This cooperative living environment meant that expenses were radically reduced, initially allowing 39 women to live in the scholarship hall for a mere $27 a year per person. Food costs were extra, but a remarkable system was set up to keep these down, too.
Each month, according to the February 24, 1935, edition of the Kansas City Star, “the seven heads of the seven kitchens get together and make a list of all the flour, sugar, coffee, tea, canned goods, eggs, bread, vegetables, meats and other foods needed for the month.” Then, local wholesalers would “come and sit together around a table and bid against each other to furnish those supplies in bulk.” Upon delivery, the goods were divided up between the house’s seven kitchens, in which every woman was required to prepare weekly one lunch and one dinner, and one large Sunday dinner every six weeks. (These days, with hectic schedules and countless extracurricular activities, such regularized mealtime schedules have become increasingly rare. Each seven-member kitchen, though, still works closely together to plan special occasions, even if most of the time residents are eating on the run.)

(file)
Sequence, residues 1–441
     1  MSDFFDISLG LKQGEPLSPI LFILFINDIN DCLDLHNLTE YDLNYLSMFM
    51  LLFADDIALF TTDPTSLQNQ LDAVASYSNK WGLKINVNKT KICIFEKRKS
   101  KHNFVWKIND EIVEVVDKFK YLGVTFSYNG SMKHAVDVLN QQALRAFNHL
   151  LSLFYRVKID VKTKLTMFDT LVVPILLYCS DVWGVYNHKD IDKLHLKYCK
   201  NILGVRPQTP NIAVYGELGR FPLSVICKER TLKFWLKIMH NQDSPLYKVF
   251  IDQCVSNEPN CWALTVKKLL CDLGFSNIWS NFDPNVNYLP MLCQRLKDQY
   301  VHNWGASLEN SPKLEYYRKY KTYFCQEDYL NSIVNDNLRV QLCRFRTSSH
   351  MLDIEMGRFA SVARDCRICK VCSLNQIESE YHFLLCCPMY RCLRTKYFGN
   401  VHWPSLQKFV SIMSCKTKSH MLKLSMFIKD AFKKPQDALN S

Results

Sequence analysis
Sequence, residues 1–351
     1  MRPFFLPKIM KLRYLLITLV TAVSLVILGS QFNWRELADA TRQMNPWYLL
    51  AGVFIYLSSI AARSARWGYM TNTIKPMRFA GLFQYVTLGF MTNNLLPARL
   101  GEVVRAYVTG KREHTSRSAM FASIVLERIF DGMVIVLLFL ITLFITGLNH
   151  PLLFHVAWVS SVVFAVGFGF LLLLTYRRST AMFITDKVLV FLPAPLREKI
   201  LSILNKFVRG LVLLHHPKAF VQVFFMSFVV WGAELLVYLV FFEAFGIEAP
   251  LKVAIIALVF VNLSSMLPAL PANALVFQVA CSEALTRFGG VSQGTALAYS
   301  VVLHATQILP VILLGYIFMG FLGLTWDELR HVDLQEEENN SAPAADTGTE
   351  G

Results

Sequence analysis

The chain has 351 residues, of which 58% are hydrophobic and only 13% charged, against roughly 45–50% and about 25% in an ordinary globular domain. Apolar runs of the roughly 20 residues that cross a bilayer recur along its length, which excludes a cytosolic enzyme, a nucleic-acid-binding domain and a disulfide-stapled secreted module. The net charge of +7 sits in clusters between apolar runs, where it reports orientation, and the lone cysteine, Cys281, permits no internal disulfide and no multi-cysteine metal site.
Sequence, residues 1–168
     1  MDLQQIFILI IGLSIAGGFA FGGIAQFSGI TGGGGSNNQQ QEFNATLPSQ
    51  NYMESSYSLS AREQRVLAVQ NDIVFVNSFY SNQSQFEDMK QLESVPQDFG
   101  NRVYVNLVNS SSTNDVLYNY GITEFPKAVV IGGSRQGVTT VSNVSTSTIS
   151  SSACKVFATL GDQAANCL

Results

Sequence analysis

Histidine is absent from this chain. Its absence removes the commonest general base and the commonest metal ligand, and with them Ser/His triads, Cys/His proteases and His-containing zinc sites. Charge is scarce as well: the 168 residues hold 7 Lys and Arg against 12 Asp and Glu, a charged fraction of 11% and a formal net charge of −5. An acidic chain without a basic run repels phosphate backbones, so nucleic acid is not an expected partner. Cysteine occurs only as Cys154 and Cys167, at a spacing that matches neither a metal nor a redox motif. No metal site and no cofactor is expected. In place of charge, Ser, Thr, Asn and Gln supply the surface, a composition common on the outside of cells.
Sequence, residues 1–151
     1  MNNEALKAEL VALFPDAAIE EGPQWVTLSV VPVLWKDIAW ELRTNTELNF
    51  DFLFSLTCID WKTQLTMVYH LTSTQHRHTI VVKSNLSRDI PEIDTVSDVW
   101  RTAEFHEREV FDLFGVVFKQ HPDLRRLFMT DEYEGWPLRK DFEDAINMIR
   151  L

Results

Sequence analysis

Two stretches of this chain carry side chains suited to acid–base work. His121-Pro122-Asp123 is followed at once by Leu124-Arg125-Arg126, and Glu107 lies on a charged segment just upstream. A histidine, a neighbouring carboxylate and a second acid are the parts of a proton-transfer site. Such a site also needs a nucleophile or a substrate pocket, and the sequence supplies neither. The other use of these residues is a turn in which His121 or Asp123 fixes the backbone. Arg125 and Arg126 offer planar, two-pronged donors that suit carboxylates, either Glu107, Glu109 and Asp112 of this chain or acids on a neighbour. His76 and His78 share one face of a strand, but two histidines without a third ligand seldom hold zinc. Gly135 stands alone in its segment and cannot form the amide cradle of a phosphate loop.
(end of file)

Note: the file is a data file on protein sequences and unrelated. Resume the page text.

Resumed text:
This arrangement extended to the housework as well, the entirety of which was the responsibility of the residents. With one woman serving as the “proctor,” tasked with waking up everyone else and seeing that all assigned cleaning duties are performed, each resident checks the “duty roster” and begins sweeping, dusting, making beds or doing whatever particular job she has been assigned that week. As the Kansan observed, “If they are not done correctly, the woman responsible is reprimanded and she has to do her job again to the complete satisfaction of the inspector.”